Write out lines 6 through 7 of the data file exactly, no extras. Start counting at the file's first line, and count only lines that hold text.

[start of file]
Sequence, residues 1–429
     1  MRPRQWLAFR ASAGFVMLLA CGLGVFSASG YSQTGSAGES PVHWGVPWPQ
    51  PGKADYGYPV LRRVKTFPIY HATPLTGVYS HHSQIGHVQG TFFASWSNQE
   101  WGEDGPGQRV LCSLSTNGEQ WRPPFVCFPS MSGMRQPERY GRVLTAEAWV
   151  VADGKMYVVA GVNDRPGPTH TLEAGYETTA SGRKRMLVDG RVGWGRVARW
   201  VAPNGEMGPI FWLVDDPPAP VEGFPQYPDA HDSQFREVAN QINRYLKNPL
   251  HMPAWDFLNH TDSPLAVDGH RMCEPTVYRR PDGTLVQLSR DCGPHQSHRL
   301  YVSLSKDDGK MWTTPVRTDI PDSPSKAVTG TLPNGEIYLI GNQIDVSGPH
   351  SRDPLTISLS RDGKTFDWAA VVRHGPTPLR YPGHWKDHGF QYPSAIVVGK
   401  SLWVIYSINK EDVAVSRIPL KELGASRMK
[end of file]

   201  VAPNGEMGPI FWLVDDPPAP VEGFPQYPDA HDSQFREVAN QINRYLKNPL
   251  HMPAWDFLNH TDSPLAVDGH RMCEPTVYRR PDGTLVQLSR DCGPHQSHRL